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Images of British Lichens

Usnea articulata (L.) Hoffm.

Fruticose, much branched, prostrate or pendulous, often detached and draped over branches, continuing to grow, grey-green, not blackened at the base, branches smooth to minutely nodulose or sparsely spinulose, main branches becoming articulated into inflated, sausage-like sections. Formerly widespread in southern and western Britain but highly pollution sensitive and now rare except in the extreme south-west, on branches in tree canopies ond on hedges, rarely terrestrial on dunes.

Refs: James (2003), 15 (line illustrations); Smith et al. (2009), 921; Purvis et al. (1992), 622; Dobson (2005), 441 (photo); Dobson (2011), 448 (photo); Jahns (1983), 188-9 (photo); Whelan (2011), 148 (photo); Aptroot et al. (2011), 156 (photo); Tõrra & Randlane (2007), 420 (photo), 432; van Haluwyn et al. (2009), 120-1 (photos); Puntillo (1996), plate 41 (photo).


Usnea articulata
Usnea articulata, primary branch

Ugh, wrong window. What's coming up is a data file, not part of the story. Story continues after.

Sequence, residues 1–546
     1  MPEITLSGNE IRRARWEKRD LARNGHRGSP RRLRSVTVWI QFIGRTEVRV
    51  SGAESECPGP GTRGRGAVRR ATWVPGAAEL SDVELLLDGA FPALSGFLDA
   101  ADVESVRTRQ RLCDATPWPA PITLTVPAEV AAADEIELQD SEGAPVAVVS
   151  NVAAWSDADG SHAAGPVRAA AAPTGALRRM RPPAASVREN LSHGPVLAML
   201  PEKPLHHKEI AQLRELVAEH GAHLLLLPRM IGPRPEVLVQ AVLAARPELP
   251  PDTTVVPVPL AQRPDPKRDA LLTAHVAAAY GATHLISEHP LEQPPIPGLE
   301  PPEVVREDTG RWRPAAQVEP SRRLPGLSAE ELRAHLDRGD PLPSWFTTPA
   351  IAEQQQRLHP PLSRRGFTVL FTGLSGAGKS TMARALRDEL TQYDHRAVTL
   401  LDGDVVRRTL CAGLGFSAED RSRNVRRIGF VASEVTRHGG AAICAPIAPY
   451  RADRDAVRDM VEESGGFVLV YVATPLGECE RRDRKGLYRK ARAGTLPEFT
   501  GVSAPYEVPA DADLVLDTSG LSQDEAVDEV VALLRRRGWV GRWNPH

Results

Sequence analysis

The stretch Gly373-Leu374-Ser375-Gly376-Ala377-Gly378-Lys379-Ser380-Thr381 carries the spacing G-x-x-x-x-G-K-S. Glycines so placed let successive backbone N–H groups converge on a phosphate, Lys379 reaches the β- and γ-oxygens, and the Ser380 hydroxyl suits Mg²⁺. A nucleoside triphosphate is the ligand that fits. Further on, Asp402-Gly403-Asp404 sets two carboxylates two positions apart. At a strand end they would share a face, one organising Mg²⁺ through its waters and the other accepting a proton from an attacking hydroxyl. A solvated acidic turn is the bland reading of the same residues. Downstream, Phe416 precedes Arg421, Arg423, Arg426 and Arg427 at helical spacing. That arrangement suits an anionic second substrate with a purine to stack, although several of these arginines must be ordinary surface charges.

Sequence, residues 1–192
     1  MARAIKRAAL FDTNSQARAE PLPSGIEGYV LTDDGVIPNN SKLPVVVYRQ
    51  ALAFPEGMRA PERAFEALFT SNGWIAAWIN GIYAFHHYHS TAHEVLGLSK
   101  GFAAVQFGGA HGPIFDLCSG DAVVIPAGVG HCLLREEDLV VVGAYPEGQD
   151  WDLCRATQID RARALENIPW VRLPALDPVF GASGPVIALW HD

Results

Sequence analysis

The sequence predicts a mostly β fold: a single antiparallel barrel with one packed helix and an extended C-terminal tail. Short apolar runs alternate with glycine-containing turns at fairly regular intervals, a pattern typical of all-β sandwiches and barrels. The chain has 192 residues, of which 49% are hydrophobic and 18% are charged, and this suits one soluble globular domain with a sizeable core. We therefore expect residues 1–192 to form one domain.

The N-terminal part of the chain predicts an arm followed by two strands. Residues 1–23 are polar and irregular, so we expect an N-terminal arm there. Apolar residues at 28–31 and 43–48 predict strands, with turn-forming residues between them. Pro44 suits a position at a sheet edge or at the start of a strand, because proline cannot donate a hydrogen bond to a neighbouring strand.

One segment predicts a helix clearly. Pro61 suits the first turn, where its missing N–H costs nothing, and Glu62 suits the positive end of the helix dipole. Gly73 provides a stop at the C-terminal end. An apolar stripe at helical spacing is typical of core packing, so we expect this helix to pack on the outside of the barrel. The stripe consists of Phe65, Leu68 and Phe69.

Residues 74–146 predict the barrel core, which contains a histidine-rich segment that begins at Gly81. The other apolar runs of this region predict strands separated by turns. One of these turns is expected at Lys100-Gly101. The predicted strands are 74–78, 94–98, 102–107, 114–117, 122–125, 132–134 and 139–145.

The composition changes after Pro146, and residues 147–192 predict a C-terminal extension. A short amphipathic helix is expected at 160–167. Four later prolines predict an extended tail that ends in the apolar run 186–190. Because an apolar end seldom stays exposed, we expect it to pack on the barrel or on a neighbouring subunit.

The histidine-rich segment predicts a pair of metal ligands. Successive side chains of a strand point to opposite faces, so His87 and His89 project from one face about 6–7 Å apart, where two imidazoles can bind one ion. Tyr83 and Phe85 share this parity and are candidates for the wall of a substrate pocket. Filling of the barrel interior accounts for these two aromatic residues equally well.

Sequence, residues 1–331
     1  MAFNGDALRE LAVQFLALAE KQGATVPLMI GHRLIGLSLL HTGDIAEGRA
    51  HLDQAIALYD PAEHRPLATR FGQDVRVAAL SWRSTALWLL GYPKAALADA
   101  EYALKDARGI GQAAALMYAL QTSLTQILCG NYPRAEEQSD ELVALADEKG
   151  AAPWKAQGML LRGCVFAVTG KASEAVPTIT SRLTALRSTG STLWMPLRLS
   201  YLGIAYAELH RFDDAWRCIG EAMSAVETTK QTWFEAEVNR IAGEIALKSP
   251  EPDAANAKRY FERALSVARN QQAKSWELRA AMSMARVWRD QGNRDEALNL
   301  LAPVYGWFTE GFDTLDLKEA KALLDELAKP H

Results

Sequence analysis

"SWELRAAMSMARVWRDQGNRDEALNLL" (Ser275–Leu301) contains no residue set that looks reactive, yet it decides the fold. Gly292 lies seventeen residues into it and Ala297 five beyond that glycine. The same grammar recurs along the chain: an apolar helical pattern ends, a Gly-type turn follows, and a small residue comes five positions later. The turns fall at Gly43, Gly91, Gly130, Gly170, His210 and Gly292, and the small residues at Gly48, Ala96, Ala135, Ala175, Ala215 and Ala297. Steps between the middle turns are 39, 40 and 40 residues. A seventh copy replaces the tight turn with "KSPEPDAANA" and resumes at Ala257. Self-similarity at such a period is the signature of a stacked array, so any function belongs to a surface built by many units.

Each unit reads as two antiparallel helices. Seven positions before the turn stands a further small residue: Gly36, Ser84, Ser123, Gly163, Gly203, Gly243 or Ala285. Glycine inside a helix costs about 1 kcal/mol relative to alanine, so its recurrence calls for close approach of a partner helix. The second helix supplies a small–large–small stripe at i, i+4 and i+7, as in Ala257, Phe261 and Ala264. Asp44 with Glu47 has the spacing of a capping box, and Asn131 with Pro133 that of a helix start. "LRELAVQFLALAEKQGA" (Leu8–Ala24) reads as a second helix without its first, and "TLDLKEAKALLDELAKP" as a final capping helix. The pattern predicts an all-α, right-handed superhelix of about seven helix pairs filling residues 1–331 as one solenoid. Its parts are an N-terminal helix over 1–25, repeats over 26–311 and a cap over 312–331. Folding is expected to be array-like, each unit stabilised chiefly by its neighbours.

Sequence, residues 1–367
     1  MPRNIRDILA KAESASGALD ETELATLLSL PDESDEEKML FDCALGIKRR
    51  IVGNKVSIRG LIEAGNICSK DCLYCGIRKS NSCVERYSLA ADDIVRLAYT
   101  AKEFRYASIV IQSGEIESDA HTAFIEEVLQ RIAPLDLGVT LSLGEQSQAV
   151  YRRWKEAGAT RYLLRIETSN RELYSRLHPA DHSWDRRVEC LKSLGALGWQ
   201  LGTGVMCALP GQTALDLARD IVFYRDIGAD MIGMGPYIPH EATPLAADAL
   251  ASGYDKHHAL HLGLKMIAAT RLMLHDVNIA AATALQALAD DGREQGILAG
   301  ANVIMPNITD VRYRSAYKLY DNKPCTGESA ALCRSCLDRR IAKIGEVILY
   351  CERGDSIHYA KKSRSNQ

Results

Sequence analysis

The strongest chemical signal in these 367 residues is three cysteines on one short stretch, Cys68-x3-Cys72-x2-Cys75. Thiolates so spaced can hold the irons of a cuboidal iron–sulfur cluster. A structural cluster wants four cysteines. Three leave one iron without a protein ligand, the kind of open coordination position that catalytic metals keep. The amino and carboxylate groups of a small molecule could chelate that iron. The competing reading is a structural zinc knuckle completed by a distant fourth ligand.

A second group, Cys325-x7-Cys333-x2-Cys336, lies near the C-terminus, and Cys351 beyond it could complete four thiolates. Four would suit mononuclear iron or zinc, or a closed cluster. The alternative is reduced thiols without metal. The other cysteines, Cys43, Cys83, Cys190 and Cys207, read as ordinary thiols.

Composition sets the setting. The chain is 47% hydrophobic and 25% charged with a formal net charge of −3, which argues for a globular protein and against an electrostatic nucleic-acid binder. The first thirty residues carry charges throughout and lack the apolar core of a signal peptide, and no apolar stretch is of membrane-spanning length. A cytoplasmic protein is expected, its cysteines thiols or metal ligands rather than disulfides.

Usnea articulata, fine branches
On branch of Oak (Quercus) (wind-blown, fallen material, now dry), from Kingcombe Dorset, April 2009; borrowed
from Robin Crump (so this is a set-up, branch balanced between two chairs, with a white-painted wall in the background).
Usnea articulata in situ
Usnea articulata in situ
Usnea articulata, primary branches
Usnea articulata, fine branches
Usnea articulata, fine branches
On Common Sallow (Salix cinerea subsp. oleifolia), abundant on one tree, in quaking swamp on lake edge,
Orielton, Pembrokeshire, May 2009: thallus in situ; primary branch showing articulation; fine branches.
Identity confirmed by Pat Wolseley (TLC demonstration, fumarprotocetraric acid confirmed).

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© A.J. Silverside
Uploaded May 2009, last updated January 2016